The number of children in the UK with life-limiting conditions and the demand for home-based palliative care is increasing. Children's hospices remain a dominant provider of palliative care. This study aimed to determine the approaches taken by children's hospices across the UK in meeting the planned and unplanned health needs of children and their families who receive palliative care at home. In addition, the survey aimed to identify the professional composition of community teams and the number of children and families supported by each service. An internet-based questionnaire survey was sent to all children's hospices in the UK, comprising ten questions exploring the size of the team, geographical areas covered, workforce composition, services offered and approaches to managing unplanned, out of hours care. Responses were received from 14 (26%) of the hospices. A total of 1,618 children and their families were being cared for by these hospices, of whom 825 received care at home. Registered nurses constituted the greatest proportion of staff and were employed by all teams. Care provided at home was broadly split into two categories: planned short breaks and responsive palliative nursing. The latter comprised advance care planning, anticipatory prescribing and active symptom control. Out of hours care was usually offered in the form of telephone support. Models of community-based care are evolving to include nurses practising at specialist and advanced levels, allowing more children with increasingly complex conditions to be cared for at home.
OBJECTIVES: In the Netherlands, the use of continuous deep sedation at the end of life has sharply increased from 8.2% of all deaths in 2005 to 12.3% in 2010 to 18.3 % in 2015. We describe its clinical characteristics in 2015 and compare it with 2010 and 2005.
DESIGN: Questionnaire study in random samples of death reported to a central death registry.
SETTING AND PARTICIPANTS: A nationwide study in the Netherlands among physicians attending reported deaths.
METHODS: Continuous deep sedation characteristics (patient characteristics, drugs, duration, estimated shortening of life, and palliative consultation) from the Netherlands in 2015 were compared with continuous deep sedation characteristics of 2010 and 2005.
RESULTS: The response rate was 78% (n = 7277) in 2015, 74% (n = 6263) in 2010, and 78% (n = 6860) in 2005. The increased frequency of continuous deep sedation was notable in all patient subgroups, but mainly occurred among deaths attended by general practitioners, particularly in patients older than 80 years and patients with cancer. In 2015, continuous deep sedation was performed in 93% of the patients through administration of benzodiazepines. In 3% of the patients, the sedation lasted more than 1 week. Furthermore, 60% of the physicians reported that they had no intention to hasten death, 38% reported that they have taken hastening of death into account, and 2% reported their intention was to hasten death. For 1 in 5 patients, a palliative care expert was consulted prior to the start of sedation. These characteristics were comparable between 2015 and 2010.
CONCLUSIONS AND IMPLICATIONS: The increase in continuous deep sedation mainly occurred in deaths attended by general practitioners, especially in older patients and patients with cancer. As there are no major shifts in demographic and epidemiologic patterns of dying, future studies should investigate possible explanations for the increase predominantly in societal developments, such as increased attention to sedation in education and society, a broader interpretation of the concept of refractoriness, and an increased need of patients and physicians to control the dying process.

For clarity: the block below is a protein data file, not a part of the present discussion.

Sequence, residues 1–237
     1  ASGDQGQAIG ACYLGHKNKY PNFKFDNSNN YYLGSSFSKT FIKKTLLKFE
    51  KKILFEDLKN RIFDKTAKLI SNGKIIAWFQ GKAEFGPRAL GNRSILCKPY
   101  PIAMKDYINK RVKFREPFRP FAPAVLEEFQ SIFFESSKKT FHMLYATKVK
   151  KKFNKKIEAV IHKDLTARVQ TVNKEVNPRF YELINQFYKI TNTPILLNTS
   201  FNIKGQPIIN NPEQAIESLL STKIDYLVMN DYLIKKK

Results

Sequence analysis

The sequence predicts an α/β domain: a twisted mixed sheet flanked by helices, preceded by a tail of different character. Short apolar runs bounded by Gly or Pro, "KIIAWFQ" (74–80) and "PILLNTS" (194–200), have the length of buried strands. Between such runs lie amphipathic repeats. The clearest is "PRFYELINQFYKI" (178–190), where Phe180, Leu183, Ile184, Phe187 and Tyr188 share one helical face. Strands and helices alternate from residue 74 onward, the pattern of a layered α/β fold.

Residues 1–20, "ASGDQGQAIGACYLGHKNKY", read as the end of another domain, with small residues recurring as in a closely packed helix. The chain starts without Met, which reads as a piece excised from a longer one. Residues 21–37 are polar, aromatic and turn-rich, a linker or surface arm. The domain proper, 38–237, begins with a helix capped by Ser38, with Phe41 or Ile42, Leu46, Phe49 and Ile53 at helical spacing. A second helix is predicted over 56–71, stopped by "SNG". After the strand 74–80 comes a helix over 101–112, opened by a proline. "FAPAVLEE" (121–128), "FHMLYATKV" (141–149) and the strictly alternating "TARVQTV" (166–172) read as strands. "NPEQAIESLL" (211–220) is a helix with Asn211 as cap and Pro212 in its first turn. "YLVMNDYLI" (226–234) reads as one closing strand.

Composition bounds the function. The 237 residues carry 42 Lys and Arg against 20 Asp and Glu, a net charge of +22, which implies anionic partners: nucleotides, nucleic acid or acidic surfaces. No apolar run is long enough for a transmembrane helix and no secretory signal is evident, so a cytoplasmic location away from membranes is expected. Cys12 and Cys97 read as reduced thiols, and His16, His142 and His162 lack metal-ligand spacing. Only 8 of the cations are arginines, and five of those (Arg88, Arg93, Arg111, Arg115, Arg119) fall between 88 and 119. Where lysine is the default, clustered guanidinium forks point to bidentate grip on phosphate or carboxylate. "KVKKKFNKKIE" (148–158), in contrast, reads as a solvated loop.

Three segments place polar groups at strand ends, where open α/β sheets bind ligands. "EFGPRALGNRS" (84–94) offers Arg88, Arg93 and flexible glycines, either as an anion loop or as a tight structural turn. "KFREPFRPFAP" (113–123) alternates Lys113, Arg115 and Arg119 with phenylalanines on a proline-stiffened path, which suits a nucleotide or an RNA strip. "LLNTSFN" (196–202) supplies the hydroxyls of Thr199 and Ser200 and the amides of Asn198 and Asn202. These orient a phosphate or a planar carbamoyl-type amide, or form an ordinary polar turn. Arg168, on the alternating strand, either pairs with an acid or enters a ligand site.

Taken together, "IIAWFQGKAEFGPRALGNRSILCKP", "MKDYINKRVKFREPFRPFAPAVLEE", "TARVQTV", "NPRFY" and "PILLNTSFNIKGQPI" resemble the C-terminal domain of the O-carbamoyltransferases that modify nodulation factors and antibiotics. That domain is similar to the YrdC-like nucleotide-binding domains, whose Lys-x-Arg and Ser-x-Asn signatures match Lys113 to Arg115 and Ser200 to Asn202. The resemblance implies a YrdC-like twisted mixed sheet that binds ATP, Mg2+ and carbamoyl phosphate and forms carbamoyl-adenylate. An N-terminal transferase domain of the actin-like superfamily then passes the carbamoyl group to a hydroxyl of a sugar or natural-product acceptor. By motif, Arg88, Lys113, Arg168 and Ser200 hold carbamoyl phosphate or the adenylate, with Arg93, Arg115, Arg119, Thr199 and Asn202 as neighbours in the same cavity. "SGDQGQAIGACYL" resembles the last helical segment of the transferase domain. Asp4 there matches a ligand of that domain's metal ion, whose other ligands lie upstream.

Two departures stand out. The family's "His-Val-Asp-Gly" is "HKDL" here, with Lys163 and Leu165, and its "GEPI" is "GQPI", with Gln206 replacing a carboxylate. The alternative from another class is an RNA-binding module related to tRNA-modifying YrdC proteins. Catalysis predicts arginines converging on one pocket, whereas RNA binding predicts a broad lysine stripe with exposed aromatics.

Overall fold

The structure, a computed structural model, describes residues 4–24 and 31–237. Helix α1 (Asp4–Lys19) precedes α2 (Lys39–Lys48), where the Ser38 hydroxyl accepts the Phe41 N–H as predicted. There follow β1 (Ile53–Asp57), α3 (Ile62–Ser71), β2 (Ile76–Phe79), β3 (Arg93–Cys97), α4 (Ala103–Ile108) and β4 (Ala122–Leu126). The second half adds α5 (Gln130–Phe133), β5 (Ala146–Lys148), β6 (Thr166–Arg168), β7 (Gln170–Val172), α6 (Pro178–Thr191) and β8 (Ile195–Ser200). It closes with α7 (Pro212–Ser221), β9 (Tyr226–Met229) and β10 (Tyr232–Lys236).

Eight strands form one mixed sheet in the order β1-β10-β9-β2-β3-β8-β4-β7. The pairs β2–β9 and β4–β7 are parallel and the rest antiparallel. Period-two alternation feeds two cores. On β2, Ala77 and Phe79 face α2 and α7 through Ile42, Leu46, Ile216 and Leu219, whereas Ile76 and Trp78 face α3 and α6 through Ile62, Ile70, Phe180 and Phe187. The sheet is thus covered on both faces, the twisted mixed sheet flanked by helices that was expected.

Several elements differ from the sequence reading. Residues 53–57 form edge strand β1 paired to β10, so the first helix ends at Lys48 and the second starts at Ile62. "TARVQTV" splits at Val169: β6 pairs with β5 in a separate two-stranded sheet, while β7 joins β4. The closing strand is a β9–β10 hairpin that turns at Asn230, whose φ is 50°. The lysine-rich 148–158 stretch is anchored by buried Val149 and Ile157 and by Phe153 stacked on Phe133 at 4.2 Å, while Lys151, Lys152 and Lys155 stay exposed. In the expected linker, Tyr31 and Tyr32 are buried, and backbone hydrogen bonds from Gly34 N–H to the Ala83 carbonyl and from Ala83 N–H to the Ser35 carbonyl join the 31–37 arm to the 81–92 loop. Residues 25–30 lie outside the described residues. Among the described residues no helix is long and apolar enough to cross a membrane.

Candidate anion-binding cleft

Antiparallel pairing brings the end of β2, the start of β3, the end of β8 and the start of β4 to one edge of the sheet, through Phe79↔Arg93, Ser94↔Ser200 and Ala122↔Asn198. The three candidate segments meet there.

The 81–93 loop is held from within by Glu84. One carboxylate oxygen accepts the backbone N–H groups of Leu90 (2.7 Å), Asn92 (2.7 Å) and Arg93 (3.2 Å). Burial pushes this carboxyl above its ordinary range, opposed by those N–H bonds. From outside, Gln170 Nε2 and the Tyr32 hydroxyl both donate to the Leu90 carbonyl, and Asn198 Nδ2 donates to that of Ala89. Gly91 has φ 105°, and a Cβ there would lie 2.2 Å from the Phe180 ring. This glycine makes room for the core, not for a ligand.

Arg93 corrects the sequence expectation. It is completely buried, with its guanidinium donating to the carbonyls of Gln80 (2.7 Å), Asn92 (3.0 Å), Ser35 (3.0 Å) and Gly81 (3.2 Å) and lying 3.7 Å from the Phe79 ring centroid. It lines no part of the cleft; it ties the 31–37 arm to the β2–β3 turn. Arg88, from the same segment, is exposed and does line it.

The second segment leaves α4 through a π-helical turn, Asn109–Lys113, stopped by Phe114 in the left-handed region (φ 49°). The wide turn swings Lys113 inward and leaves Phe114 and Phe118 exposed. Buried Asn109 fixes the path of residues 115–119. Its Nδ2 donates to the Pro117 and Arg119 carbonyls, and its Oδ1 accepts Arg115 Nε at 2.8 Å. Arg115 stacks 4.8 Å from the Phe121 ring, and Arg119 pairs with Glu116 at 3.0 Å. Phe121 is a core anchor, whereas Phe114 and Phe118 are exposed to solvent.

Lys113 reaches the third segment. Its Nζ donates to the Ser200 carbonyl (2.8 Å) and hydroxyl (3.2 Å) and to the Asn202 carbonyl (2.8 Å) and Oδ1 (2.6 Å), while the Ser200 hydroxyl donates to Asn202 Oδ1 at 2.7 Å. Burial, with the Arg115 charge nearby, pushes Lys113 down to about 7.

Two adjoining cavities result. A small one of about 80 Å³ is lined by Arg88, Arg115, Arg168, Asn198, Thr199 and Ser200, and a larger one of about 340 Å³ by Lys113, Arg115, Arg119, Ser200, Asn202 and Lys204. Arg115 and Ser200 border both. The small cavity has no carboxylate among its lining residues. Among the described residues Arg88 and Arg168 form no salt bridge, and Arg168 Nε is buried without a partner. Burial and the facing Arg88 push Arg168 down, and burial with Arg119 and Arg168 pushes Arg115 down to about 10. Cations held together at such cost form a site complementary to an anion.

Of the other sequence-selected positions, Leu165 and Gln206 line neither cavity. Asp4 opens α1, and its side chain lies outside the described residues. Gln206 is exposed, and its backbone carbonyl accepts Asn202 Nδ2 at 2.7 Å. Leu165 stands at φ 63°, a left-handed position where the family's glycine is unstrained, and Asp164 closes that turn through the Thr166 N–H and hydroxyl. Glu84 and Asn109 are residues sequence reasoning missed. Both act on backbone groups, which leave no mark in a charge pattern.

The present doctoral thesis focuses on evaluating the use, trends in use, factors that influence use, and the impact of using policy measures to support patients and informal caregivers to provide palliative care in the home or community setting in Belgium. Using full-population administrative databases containing information on all decedents in Belgium between 2010 and 2015, we provided insights into these patterns that allow formulating points of improvement, identification of focal groups for policy, but also allow evaluating the societal impact of the measures in tems of quality and costs of care.
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Background: Palliative care program service delivery is variable, and programs often lack data to support and guide program development and growth.
Objective: To review the development and key features of the National Palliative Care Registry™ ("the Registry") and describe recent findings from its surveys on hospital palliative care.
Description: Established in 2008, the Registry data elements align with National Consensus Project (NCP) guidelines related to palliative care program structures and operations. The Registry provides longitudinal and comparative data that palliative care programs can use to support programmatic growth.
Results: As of 2018, >1000 hospitals and 120 community sites have submitted data on their palliative care programs to the Registry. Over the past decade, the percentage of hospital admissions seen by palliative care teams (penetration) has increased from 2.5% to 5.3%. Higher penetration is correlated with teaching hospital status, having a palliative care trigger, and hospital size (p < 0.05). Although overall staffing has expanded, only 42% of Registry programs include the recommended four key disciplines: physician, advanced practice or other registered nurse, social worker, and chaplain. Compliance with NCP guidelines on key structures and processes vary across adult and pediatric programs.
Conclusions: The Registry allows palliative care programs to optimize core structures and processes and understand their performance relative to their peers.
Planners, actuaries, and others involved in forecasting capacity and costs must manipulate historical data. Data from calendar/financial year totals have been assumed to be adequate and reliable. This relies on the assumption that year-to-year differences do not arise from patterns concealed in the data. While the seasonal cycle is widely recognized, longer term patterns such as disease outbreaks will act to modify annual demand and costs. Monthly data relating to deaths in local government areas in England and Wales are used to demonstrate curious semipermanent bursts of high behavior. There is no seasonal pattern for the start of these events, and the sudden switch to high deaths can occur at any time, even in immediately adjacent areas. Higher deaths and related demand and costs endure for around 12 months before they suddenly revert to the former level where they stay until the next of these curious high events. In England and Wales (and many other countries), a period of unexplained higher deaths, reduced life expectancy, and health care and life insurance costs since 2011 appears to be coming to an end and looks to have arisen from a coincidence of these events at sub-national level.